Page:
Submission + - Hacking and attacking automated homes (

colinneagle writes: If you use the Z-Wave wireless protocol for home automation then you might prepare to have your warm, fuzzy, happiness bubble burst; there will be several presentations about attacking the automated house at the upcoming Las Vegas hackers' conferences Black Hat USA 2013 and Def Con 21. For example, CEDIA IT Task force member Bjorn Jensen said, "Today, I could scan for open ports on the Web used by a known control system, find them, get in and wreak havoc on somebody's home. I could turn off lights, mess with HVAC systems, blow speakers, unlock doors, disarm alarm systems and worse."

Among other things, the hacking Z-Wave synopsis adds, "Zigbee and Z-wave wireless communication protocols are the most common used RF technology in home automation systems...An open source implementation of the Z-wave protocol stack, openzwave, is available but it does not support the encryption part as of yet. Our talk will show how the Z-Wave protocol can be subjected to attacks."

Submission + - Potentially Deadly Asian Bug 'Aedes Albopictus' To Infest New Jersey (

Rebecka Schumann writes: An aggressive, Asian, blood-sucking bug known as the tiger mosquito is anticipated to hit the East Coast this summer, an insect that is feared will spread potentially deadly diseases throughout the state of New Jersey. The bug (scientific name: “Aedes albopictus” or “albo") is expected to make an appearance for the first time this summer since it was discovered in the state in 1995. While other mosquitoes are well-known for completing the majority of their blood-sucking after sundown, tiger mosquitoes are known to attack its human victims during daylight hours.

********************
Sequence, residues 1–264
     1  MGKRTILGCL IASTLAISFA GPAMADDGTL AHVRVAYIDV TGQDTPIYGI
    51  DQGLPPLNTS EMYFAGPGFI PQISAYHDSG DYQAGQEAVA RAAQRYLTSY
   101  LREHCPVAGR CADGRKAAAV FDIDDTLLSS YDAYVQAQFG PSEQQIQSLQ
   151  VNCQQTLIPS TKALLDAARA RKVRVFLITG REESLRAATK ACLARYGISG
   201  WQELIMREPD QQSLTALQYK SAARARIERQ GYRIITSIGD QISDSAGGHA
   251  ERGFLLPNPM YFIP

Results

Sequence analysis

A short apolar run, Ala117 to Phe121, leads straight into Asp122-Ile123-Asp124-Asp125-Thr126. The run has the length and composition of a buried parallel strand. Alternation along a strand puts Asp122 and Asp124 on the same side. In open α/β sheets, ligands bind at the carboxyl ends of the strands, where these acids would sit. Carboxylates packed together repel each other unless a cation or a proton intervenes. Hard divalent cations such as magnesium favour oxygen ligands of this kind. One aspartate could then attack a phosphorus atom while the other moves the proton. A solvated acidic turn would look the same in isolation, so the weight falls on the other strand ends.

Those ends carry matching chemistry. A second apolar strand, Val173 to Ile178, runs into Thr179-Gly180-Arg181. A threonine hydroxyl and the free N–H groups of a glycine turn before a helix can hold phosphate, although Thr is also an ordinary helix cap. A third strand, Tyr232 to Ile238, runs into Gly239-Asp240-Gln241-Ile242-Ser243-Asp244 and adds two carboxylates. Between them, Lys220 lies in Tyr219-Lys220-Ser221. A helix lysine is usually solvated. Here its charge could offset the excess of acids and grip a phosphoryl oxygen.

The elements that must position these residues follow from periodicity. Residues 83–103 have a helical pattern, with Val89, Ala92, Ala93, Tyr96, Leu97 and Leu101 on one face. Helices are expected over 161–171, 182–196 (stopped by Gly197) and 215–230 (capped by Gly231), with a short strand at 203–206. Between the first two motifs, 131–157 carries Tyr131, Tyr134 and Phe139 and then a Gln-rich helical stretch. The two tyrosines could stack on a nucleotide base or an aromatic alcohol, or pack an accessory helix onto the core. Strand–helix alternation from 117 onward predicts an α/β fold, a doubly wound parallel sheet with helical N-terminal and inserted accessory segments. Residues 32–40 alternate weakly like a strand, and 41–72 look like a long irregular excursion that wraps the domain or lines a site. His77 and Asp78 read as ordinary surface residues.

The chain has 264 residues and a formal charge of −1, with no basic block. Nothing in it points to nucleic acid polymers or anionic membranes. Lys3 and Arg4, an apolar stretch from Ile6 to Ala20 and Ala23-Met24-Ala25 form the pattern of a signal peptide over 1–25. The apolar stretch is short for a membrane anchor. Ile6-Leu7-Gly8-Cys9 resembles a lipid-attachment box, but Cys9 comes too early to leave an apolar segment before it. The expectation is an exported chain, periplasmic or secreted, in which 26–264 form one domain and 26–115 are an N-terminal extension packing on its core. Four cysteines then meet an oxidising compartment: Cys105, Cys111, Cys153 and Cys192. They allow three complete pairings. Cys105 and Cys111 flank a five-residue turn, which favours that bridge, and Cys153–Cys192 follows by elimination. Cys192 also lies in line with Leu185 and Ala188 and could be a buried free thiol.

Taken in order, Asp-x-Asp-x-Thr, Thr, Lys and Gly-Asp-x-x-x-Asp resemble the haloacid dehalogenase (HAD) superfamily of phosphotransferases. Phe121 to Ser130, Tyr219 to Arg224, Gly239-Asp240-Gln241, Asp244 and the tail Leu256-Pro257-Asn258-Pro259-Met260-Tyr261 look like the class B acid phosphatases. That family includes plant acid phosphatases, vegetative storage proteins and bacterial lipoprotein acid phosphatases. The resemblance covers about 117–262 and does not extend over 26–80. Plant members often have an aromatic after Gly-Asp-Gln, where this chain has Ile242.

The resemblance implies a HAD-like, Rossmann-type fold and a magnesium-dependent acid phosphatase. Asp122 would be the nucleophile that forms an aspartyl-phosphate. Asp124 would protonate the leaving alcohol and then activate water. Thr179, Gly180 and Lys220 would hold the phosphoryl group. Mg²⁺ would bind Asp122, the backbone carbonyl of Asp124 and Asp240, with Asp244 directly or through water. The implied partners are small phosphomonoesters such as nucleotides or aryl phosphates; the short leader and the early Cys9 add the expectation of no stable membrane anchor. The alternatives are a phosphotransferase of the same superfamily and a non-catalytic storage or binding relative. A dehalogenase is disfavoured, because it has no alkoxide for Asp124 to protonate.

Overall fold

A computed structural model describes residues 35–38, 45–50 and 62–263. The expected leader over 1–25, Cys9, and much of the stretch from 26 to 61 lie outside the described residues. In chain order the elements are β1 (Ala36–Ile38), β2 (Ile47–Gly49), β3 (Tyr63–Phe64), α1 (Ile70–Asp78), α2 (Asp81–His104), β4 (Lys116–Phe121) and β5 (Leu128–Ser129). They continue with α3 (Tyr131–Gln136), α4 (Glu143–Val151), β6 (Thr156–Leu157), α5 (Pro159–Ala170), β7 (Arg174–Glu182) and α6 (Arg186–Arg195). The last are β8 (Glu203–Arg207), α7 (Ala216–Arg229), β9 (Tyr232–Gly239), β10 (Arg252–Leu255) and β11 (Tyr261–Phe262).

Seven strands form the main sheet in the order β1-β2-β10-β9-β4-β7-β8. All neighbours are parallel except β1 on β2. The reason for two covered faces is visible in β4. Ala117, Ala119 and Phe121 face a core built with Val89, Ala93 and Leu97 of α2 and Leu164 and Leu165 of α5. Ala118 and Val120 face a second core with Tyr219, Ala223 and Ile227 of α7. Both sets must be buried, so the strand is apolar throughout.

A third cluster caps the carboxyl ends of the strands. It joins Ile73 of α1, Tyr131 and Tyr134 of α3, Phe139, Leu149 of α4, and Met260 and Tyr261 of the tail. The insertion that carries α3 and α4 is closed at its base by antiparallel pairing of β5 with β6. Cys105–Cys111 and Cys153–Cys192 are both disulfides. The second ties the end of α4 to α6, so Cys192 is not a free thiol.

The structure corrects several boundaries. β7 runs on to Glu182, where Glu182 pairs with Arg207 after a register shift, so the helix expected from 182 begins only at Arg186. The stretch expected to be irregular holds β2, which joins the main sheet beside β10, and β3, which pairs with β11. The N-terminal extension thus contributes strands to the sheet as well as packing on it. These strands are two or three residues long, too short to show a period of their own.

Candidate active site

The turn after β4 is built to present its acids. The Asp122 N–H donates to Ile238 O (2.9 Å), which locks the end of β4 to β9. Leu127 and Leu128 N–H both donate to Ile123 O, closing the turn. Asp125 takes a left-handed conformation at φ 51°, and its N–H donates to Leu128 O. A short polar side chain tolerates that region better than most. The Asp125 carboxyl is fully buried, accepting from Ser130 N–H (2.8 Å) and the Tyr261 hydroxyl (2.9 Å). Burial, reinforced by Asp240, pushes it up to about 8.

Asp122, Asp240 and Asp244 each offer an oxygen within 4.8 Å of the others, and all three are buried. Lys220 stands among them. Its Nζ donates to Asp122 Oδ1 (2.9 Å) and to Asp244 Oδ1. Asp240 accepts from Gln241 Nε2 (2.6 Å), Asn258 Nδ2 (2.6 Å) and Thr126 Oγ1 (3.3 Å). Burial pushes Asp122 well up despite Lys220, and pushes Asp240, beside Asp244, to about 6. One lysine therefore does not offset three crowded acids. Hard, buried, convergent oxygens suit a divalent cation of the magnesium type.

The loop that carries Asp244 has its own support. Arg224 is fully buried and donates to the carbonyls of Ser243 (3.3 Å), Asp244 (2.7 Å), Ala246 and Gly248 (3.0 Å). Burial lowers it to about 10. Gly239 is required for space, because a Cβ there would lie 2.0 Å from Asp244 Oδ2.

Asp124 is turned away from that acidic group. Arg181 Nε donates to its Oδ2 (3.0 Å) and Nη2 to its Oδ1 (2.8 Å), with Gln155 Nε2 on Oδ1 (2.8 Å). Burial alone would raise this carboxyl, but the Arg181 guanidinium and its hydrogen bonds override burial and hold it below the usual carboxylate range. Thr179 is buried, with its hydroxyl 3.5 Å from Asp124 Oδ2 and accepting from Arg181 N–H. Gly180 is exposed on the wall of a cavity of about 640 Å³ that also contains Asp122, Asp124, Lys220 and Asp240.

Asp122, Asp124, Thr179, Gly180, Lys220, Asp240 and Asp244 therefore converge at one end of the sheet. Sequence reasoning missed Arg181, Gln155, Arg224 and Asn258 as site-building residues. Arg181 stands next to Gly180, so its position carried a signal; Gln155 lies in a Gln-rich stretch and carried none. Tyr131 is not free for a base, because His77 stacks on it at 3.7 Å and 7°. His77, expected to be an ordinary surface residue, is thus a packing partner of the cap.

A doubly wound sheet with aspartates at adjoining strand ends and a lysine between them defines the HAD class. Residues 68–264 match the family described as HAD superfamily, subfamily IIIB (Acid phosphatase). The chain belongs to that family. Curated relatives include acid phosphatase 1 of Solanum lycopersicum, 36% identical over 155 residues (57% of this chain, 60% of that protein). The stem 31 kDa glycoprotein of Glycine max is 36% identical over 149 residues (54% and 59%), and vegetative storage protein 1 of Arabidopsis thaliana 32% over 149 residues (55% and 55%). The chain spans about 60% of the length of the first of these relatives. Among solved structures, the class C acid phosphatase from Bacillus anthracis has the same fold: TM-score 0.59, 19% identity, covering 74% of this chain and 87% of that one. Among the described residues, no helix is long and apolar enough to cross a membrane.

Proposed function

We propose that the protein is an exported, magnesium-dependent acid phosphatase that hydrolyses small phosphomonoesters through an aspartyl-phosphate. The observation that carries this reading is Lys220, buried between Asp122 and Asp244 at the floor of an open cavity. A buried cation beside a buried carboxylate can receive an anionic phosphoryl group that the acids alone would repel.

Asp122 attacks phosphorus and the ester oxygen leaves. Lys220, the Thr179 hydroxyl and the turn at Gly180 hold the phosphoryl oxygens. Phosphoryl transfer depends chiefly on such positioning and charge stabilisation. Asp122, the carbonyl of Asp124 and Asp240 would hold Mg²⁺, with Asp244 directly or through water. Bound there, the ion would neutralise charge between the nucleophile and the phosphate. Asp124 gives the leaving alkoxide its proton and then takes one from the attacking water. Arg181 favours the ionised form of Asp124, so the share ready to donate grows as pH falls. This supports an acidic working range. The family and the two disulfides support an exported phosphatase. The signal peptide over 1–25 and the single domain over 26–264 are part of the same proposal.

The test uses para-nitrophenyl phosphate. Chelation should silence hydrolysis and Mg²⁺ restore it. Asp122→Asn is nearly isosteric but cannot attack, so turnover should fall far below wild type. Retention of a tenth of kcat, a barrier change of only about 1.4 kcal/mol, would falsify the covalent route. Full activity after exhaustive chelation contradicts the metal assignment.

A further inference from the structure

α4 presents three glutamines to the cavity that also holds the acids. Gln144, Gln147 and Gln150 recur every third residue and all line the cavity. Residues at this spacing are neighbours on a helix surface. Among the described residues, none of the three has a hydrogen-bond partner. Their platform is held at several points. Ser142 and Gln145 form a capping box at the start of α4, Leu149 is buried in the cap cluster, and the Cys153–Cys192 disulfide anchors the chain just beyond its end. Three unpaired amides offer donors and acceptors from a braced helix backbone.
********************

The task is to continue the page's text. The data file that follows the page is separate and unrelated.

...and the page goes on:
According to a report from ABC News, officials are concerned over the upcoming swarm due to the bug’s ability to spread up to four viral diseases including West Mile and unlike other mosquitoes, is known to primarily bite its human prey during daylight hours. The bug is reportedly "impossible" to remove and is "here to stay."

Submission + - Robotic Kiosk Stores Digital Copies Of Physical Keys

An anonymous reader writes: The New York Daily News reports that a startup company in Manhattan is putting robotic key copying machines in 7-Eleven stores. The machines can automatically create physical copies of common apartment and office keys. What is more interesting is that they allow users to save digital copies of their keys, which can later be created when the original is lost or the user is locked out of their home.

Submission + - Popular smartphone and free app used to get data from chip-enabled credit cards. (

An anonymous reader writes: CBC is reporting: Using a Samsung Galaxy SIII — one of the most popular smartphones available in Canada — and a free app downloaded from the Google Play store, CBC was able to read information such as a card number, expiry date and cardholder name simply holding the smartphone over a debit or credit card. And it could be done through wallets, pockets and purses.